Enjoyable, but not stand out for this reader in the way it has clearly been for so many others. I clearly missed something but it felt to me like Jesse Burton was never clear enough in her own mind what the theme was. A beautifully constructed world and a great historical tragedy, but The Miniaturist was always an adjunct to that drama in a way that was never successfully reconciled.

*** Three Stars
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on 8 January 2016
Very disappointed by this in the end.

The book is well written, describing life in Amsterdam for a newly wed girl from the countryside. As a historical fiction novel the characters work well and a multitude of possibilities could be explored for a cracking storyline. The introduction of the mysterious "miniaturist" of the title and the arrival of beautiful but prophetic miniature models introduces a supernatural element. This is why I bought the book, the mystery and allure of the Miniaturist bound to well written historical fiction set in Amsterdam.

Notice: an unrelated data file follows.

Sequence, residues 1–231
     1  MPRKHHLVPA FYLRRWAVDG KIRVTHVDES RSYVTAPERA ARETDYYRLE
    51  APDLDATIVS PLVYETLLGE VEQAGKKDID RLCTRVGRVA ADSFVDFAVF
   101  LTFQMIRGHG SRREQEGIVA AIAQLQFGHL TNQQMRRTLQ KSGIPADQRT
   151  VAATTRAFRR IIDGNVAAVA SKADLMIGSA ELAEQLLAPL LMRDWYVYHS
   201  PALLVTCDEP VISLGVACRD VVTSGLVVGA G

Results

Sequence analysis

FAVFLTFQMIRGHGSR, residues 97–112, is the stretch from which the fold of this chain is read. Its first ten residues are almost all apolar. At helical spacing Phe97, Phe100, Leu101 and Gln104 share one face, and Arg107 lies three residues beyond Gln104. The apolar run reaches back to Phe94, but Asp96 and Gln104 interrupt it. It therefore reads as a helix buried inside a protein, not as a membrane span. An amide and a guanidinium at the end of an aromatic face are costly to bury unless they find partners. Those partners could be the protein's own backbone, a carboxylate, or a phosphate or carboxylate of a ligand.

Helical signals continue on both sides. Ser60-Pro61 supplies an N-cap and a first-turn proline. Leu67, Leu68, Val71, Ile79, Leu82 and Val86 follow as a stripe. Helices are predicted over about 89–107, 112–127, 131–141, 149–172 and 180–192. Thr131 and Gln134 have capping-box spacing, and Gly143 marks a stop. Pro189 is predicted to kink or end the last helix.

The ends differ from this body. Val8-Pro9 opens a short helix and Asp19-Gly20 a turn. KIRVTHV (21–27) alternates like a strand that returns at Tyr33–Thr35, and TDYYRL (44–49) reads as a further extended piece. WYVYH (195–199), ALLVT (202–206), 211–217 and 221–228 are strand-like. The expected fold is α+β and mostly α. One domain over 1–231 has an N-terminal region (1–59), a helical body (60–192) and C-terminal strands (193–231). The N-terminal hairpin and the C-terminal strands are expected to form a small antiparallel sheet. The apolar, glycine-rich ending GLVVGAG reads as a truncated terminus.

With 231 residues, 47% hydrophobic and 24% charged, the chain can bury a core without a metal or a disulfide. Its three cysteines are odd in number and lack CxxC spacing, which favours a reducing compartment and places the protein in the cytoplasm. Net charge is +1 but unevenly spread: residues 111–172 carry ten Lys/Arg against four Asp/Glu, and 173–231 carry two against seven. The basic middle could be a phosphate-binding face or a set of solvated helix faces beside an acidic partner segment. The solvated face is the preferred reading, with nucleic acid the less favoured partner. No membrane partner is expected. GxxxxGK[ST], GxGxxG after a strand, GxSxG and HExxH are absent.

So what went wrong. The 'miniatures' theme peters out into a total dead end, is not explained satisfactorily and it appears that the author just gave up on it in the end. Perhaps she just couldn't explain it herself after winding deeper and deeper into a supernatural aspect.

So what a pity, a really well written book that fails to explain the reason for including the title theme. One of those books that you reach the end of and think - "is that it?" and swipe the e-reader frantically searching for the missing ending and explanations that ultimately are not provided.
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Format: Hardcover|Vine Customer Review of Free Product( What's this? )
I wonder if I have missed something with this novel. Other reviewers have said that they see it as a fairy tale for adults; well, I'm afraid I just couldn't see that connection. I really didn't get swept up in this novel - I felt that the characters just seemed superficial, the pace of the book was very slow and the story failed to pique my interest.
So, although I seem to be in the minority here, I am sorry to say that it just wasn't my cup of tea.